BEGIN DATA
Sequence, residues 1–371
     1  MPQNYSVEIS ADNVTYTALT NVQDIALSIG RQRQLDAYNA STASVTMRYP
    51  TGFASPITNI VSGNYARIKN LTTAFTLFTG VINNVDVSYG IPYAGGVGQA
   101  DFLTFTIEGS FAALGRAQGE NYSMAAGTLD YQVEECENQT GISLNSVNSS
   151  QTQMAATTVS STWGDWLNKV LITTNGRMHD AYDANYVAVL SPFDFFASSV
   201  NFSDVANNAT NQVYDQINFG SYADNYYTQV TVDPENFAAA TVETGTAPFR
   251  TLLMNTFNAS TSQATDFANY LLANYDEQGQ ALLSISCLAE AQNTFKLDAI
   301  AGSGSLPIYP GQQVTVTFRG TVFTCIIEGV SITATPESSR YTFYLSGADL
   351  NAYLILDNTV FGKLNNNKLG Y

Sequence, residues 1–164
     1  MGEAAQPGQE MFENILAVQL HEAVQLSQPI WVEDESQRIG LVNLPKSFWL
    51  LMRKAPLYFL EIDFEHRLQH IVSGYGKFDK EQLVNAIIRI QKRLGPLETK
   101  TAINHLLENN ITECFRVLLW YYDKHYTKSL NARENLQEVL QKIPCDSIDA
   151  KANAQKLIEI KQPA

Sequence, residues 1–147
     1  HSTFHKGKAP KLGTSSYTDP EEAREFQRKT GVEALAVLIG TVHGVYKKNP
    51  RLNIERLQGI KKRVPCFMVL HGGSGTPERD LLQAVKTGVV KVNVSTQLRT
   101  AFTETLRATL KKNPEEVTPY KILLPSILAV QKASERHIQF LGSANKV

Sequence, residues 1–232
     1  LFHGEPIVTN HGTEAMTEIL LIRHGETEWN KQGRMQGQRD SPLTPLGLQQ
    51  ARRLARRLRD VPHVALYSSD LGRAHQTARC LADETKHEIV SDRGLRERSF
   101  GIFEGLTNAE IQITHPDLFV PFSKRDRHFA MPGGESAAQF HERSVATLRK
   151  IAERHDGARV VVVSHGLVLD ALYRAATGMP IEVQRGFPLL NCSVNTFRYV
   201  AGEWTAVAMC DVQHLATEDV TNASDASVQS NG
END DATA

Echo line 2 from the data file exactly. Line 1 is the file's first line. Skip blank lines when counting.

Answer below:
     1  MPQNYSVEIS ADNVTYTALT NVQDIALSIG RQRQLDAYNA STASVTMRYP